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SYRACUSE — Utah wildlife officials are trying to figure out who illegally dumped 260 white bass in a remote area in Davis County earlier this month.
"We see wasting of protected wildlife every now and then, but nothing to this magnitude," Utah Division of Wildlife Resources conservation officer Trevor Doman told KSL.com Thursday. "I’ve never seen this many fish wasted like this."
Doman was dispatched to an area on West Gentile Street near Syracuse on May 18 after photos of a large pile of fish were posted on social media and the agency received tips about it. He found the pile and counted 260 fish; about half had been gutted and had signs that someone attempted to field dress them.
Based on the number of fish, he theorized that perhaps multiple people were involved. Doman also thinks that the individual or group that caught the fish originally intended to filet them but realized they had too many fish.
"I think that maybe on the way home from wherever they caught these at, they just decided, ‘That’s a lot of fish. I don’t want to deal with all this work” — because that is a lot of fish," Doman said. "I have a feeling they thought: ‘This is just the Wild West where nobody is around. Dump them and not worry about it anymore.’"
Utah doesn’t have a limit on how many white bass an angler can catch; however, the species is protected and letting them go to waste is illegal. The state restitution fine for illegally dumping white bass is $10 per fish, which means the penalty, in this case, is $2,600. It also means it's a potential felony-level case, Doman explained.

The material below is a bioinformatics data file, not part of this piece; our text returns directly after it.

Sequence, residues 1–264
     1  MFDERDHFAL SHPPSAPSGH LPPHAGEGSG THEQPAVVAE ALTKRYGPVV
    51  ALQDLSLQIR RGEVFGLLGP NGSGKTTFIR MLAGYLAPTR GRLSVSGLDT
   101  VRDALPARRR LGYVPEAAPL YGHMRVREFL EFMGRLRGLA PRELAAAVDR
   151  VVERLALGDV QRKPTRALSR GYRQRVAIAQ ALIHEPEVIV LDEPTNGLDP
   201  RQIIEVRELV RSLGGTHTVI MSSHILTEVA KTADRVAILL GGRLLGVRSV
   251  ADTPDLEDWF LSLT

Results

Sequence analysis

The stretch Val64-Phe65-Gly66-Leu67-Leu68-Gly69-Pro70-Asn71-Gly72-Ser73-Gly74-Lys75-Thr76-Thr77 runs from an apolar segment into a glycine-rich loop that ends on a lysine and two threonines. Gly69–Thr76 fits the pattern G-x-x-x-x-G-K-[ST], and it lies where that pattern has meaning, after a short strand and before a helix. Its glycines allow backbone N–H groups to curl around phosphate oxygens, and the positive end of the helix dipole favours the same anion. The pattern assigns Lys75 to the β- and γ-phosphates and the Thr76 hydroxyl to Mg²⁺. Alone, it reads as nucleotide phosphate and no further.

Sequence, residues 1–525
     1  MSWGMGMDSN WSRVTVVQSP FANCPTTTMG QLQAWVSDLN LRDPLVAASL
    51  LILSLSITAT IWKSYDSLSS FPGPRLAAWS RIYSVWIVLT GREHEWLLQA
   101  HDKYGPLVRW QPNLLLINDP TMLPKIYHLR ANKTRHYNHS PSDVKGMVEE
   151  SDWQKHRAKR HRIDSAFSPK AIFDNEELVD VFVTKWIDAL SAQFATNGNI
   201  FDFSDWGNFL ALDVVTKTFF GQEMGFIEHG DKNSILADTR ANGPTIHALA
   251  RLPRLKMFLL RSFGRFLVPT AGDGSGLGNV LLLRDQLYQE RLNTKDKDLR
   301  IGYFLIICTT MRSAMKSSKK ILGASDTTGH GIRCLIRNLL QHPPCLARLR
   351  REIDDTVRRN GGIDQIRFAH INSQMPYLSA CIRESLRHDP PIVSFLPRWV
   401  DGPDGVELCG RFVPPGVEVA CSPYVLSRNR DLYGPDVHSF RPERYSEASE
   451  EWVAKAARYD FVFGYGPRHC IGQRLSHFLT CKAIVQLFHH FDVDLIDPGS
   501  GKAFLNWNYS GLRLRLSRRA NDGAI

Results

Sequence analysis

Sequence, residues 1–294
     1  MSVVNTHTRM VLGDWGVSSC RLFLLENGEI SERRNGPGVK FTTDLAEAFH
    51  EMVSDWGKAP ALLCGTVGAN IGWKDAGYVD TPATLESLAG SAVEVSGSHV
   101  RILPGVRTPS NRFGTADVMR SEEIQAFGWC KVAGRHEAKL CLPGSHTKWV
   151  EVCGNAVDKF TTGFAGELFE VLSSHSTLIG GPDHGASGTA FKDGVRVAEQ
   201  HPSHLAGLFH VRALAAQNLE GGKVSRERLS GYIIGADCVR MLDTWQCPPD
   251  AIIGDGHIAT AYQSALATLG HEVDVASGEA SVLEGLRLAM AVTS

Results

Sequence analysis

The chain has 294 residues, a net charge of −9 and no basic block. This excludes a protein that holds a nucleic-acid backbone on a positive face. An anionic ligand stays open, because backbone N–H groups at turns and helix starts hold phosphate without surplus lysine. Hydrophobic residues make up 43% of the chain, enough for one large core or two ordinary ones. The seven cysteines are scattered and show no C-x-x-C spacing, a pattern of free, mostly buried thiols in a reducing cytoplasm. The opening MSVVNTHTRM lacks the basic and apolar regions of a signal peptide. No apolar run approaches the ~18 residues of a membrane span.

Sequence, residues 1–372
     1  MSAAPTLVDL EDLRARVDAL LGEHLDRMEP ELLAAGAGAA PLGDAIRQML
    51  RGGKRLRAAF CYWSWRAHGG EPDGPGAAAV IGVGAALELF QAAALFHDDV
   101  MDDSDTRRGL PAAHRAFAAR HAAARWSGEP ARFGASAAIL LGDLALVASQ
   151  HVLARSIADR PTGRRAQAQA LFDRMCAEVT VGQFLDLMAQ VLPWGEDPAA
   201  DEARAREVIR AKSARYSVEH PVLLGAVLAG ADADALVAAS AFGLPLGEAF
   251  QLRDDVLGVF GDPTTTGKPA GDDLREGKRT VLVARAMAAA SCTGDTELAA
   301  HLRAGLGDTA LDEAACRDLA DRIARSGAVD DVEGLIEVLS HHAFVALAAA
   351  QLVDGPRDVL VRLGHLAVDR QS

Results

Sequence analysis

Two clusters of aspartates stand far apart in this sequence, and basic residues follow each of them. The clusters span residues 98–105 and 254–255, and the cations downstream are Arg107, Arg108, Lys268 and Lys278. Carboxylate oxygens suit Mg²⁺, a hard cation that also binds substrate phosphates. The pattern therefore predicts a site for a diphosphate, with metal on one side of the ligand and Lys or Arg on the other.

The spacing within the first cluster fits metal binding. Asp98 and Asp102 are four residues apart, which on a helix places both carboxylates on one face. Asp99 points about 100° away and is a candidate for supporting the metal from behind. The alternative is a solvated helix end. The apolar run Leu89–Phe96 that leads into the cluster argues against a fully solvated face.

While individual poaching cases involving big game might be more notable, trophy and non-trophy fish accounted for more than half of Utah’s 1,050 illegally killed animals in 2019. The number of fish found illegally dumped near Syracuse is almost the same amount as the 280 non-trophy fish illegally killed in all of last year.
Doman recalls one case in which a fisherman caught close to 200 fish at a location where there was a limit to how many fish someone could reel in, but he can’t remember investigating a case where so many fish were left to waste. He’s hoping that someone may have either seen something related to this case or possibly even overheard someone brag about catching a large number of fish in northern Utah and around mid-May.
Anyone with information can call the state’s UTiP hotline at 800-662-3337 or Doman, who is assigned to the case, at 385-242-6357. People can also report it on the agency's website. DWR officials said requests for confidentiality will be respected and there is a possible reward for information leading to a conviction.